Any hot object is going to radiate infrared radiation. That isn't something external being reflected off of it, that's coming from the surface of the radiating object itself. Infrared sensors work on contrast, so if you've got, say, a skin temperature object like a human being in a room temperature environment, it'll show up. Same applies for a room temperature object in an

        • Re: (Score:3, Informative)

          by Antidamage ( 1506489 )

          You're talking about thermal imaging. That's not how IR used for night-vision works. Your IR remote control doesn't shoot a jet of warmth at the TV. It's just a spectrum of light slightly outside of what we see.

          Actual IR cameras work so well for finding people because of what's REFLECTING the IR light. Synthetic materials reflect differently to the sorts of things you find in the wild. Additionally IR is useful for marking friendlies in such a way that people without IR gear can't see.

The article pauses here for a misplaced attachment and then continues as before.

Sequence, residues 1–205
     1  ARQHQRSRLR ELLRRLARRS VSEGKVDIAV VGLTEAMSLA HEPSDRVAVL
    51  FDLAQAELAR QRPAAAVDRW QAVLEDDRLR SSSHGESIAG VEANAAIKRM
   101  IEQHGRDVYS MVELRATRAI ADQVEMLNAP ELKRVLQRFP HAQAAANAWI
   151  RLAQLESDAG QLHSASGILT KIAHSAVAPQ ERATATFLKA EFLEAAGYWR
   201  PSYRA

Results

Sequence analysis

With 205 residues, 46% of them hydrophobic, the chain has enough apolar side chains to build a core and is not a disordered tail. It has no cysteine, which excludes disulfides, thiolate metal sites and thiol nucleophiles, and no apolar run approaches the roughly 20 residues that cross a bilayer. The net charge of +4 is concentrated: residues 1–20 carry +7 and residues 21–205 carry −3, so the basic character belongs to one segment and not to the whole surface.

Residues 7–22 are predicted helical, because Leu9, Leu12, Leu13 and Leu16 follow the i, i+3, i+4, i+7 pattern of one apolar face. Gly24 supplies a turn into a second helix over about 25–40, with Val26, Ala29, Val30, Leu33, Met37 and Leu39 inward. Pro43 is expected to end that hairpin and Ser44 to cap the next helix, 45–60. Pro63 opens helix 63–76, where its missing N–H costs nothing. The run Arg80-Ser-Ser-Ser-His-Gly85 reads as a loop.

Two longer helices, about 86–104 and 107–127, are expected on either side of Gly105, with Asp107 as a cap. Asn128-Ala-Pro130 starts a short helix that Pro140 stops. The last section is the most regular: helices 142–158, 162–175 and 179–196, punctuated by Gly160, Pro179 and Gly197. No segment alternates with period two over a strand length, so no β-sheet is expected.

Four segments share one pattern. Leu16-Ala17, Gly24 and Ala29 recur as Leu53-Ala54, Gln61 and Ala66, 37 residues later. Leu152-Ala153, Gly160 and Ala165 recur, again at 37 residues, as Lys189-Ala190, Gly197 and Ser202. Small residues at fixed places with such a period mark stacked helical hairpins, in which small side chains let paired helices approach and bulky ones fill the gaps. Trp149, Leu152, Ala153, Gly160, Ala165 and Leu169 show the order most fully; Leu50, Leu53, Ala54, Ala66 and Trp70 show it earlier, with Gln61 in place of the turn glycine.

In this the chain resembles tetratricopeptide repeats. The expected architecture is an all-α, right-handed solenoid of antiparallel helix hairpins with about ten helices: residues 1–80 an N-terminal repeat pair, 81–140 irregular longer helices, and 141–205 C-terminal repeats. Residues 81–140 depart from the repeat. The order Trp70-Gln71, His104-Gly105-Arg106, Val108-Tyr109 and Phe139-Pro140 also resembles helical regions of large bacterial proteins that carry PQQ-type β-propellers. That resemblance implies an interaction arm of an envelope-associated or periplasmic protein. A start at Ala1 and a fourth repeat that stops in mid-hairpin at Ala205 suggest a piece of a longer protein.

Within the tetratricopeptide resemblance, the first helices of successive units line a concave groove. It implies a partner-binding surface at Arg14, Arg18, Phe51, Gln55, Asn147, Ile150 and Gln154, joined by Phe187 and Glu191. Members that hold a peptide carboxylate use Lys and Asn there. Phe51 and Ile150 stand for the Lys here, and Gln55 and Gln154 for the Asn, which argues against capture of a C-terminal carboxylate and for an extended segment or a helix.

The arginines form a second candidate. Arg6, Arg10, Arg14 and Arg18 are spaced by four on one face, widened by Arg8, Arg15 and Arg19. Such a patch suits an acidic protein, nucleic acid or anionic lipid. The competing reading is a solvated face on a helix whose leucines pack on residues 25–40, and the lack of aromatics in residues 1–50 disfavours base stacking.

Modern night-vision go

          • They were trying to use it in Afghanistan, but it wasn't really working very well. Mainly because of the caves. Ultimately it proved less useful than good old fashioned snitches.
  • Didn't they do this on Mythbusters?
  • by tux0r ( 604835 ) <> on Sunday July 25, 2010 @08:23PM (#33024576) Homepage

    Glass Invisibility Cloak Shields Infrared

    You know you've been coding too much when the brain reads that as "noun noun noun noun noun" and throws a parse error expecting a verb...

  • Finally! (Score:1, Informative)

    by matunos ( 1587263 )

    When the Predators invade, we'll be ready!

  • This can bypass infrared security systems?

  • TSA screener: "nothing for me to see here, move her right along"